Fig. 3
figure 3

Laparoscopic ultrasound (LUS) combined with ICG fluorescence navigation to improve the intraoperative identification and demarcation of recurrent tumors

Belli et al. [21] indicated that LRH was related with more limited operative time for patients with laparoscopic hepatectomy history. In contrast, Goh et al. [29] conducted a propensity score-matching study and demonstrated that LRH was associated with significantly longer operation times compared with ORH. In our series, operating time was comparable between the two groups after matching, and the surgical time for patients who had undergone previous laparoscopic hepatectomy was not less than that for patients who went through previous open hepatectomy. Noda et al. [30] analyzed the short-term postoperative outcomes of 20 LRH with 48 ORH cases and concluded that significantly less blood loss and lower occurrence of postoperative complications were seen in the LRH. In our study, we discovered that the estimated intraoperative blood loss of patients in the LRH group was significantly lower compared with the ORH group, which was consistent with the previous study. Furthermore, only one patient developed severe complications. The control of hepatic blood flow and procedure optimization when transecting the liver parenchyma remain essential to facilitate repeat hepatectomy and achieve less postoperative complications. In our institution, laparoscopic selective hemi-hepatic vascular occlusion is routinely performed in hemi-hepatectomy. This approach is considered safe and effective in hepatectomy because it has little effect on hepatic inflow to the remnant liver and prevents the liver from ischemia-reperfusion injury. In addition, we use the two-handed technique for major hepatectomy. Specifically, we used the LPMOD combined with the harmonic scalpel to transect the liver parenchyma. The LPMOD integrates functions, such as dissection, electrocoagulation, irrigation, and aspiration [31, 32]. We designed a novel two-handed technique that manage accidental hemorrhage shortly since it combines the small vessel sealing function of the harmonic scalpel with the hepatic parenchyma dissection function of the LPMOD (Fig. 4) [33].

Fig. 4
figure 4

Two-hand technique of combining harmonic scalpel and laparoscopic Peng’s multifunction operative dissector (LPMOD) in recurrent HCC cases under ICG fluorescence background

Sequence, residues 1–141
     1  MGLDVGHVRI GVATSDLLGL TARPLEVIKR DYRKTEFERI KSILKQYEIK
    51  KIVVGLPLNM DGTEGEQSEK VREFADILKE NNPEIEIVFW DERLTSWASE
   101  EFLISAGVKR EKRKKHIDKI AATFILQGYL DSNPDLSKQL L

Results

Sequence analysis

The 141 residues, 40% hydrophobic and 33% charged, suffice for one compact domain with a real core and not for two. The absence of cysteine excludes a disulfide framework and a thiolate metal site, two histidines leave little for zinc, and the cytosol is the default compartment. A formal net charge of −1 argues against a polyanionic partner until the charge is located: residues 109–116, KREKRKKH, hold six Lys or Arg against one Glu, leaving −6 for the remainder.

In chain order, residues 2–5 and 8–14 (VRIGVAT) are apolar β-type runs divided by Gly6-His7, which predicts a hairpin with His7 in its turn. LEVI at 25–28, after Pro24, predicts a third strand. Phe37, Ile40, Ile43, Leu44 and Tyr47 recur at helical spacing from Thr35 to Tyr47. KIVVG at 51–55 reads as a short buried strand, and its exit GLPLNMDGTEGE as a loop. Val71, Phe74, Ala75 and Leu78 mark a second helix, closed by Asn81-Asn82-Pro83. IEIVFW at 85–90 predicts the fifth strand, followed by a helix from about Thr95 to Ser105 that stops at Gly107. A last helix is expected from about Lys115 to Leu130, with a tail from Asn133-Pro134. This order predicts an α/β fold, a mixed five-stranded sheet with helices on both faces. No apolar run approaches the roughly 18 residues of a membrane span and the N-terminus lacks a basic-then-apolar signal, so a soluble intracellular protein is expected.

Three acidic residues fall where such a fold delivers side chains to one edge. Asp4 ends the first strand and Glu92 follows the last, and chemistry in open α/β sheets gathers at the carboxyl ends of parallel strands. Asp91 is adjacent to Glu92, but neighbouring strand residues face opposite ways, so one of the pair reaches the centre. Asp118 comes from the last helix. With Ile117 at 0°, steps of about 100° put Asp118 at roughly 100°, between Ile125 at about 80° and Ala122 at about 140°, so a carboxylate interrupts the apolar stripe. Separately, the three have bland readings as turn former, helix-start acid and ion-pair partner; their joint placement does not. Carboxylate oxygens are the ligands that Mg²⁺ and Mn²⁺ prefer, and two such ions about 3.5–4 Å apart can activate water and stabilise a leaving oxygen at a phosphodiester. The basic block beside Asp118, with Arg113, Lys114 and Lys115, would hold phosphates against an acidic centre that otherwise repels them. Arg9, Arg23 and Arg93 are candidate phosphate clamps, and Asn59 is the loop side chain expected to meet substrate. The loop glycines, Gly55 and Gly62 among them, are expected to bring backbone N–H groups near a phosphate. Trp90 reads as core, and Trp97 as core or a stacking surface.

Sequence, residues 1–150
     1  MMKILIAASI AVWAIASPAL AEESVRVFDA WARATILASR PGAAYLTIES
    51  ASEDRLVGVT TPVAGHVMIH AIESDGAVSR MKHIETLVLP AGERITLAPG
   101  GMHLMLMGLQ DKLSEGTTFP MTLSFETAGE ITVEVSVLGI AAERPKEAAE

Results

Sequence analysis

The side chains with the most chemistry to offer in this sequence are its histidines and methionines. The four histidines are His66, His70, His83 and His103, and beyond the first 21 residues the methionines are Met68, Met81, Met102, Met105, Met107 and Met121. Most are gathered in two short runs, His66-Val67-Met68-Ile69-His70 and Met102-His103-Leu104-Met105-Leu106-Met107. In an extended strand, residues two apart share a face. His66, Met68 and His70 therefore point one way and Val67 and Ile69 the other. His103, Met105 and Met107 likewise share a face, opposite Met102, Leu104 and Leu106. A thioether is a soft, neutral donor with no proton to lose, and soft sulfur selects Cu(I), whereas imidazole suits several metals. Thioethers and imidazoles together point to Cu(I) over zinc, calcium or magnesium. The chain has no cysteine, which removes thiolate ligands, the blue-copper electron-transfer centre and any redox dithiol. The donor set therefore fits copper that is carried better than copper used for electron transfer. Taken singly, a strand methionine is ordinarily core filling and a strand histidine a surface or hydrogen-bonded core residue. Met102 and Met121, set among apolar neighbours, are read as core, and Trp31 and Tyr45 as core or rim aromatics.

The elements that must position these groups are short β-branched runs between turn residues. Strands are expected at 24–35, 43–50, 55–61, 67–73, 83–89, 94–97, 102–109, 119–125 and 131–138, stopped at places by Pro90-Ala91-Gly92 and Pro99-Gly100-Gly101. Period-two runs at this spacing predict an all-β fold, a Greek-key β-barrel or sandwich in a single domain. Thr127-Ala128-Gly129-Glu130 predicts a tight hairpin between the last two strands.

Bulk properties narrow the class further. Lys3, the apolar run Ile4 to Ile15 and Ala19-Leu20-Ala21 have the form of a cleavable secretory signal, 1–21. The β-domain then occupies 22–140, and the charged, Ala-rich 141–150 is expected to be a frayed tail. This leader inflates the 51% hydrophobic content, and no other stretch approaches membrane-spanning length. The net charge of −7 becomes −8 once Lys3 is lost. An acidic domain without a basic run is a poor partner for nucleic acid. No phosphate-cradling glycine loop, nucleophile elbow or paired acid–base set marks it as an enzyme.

A recent clinical study showed that the operation time was 279.3 ± 124.8 and 296.4 ± 155.3 for LRH and ORH, respectively, and there was no significant difference in operation time between LRH and ORH group (P = 0.6294) [34]. There was no significant difference in the operation time of the ORH group between our study and the existing literature. Still, the operation time of the LRH group before the PSM analysis was significantly less than that reported in the current literature. The reasons are as follows: First, the small sample size may lead to certain restrictions, and the conclusion needs to be further verified by a more extensive sample prospective study. Second, as a retrospective study, there may be some selection bias. For patients whose initial hepatectomy is laparoscopic hepatectomy, or open hepatectomy with relatively limited resection extent and acceptable abdominal adhesion condition judged by experience, surgeons often adopt LRH to remove recurrent lesions. Therefore, the LRH group may lack some patients whose initial operation is open hepatectomy with broad resection extent and severe abdominal adhesion conditions. Fortunately, there was no significant difference in the operation time between LRH and ORH groups, so such bias did not have a substantial impact on the final result. Third, with the improvement of technology and innovation of equipment, LRH also began to reveal its unique advantages. The enlargement of the operation area by laparoscopy and the tension formed by pneumoperitoneum are conducive to the detailed anatomy of the adhesion. Extensive adhesion release is not required since laparoscopic equipment can bypass some adhesions without separation and affecting operative field exposure [35, 36]. Laparoscopic operation is elaborate, which can minimize the movement of the liver and the damage to collateral circulation and lymphatic reflux in patients with liver cirrhosis. In addition, the conventional appliance of laparoscopic surgical equipment and technologies such as laparoscopic ICG fluorescence navigation technology, laparoscopic ultrasound, LPMOD, and laparoscopic regional blood flow blocking technology makes LRH more secure and efficient.